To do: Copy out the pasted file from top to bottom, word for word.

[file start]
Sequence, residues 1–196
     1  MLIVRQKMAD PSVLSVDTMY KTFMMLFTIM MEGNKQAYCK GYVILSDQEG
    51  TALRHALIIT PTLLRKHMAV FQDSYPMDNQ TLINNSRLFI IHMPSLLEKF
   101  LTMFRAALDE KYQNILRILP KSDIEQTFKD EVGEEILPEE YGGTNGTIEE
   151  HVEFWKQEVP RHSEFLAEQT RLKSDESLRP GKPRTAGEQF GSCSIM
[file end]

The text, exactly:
Sequence, residues 1–196
     1  MLIVRQKMAD PSVLSVDTMY KTFMMLFTIM MEGNKQAYCK GYVILSDQEG
    51  TALRHALIIT PTLLRKHMAV FQDSYPMDNQ TLINNSRLFI IHMPSLLEKF
   101  LTMFRAALDE KYQNILRILP KSDIEQTFKD EVGEEILPEE YGGTNGTIEE
   151  HVEFWKQEVP RHSEFLAEQT RLKSDESLRP GKPRTAGEQF GSCSIM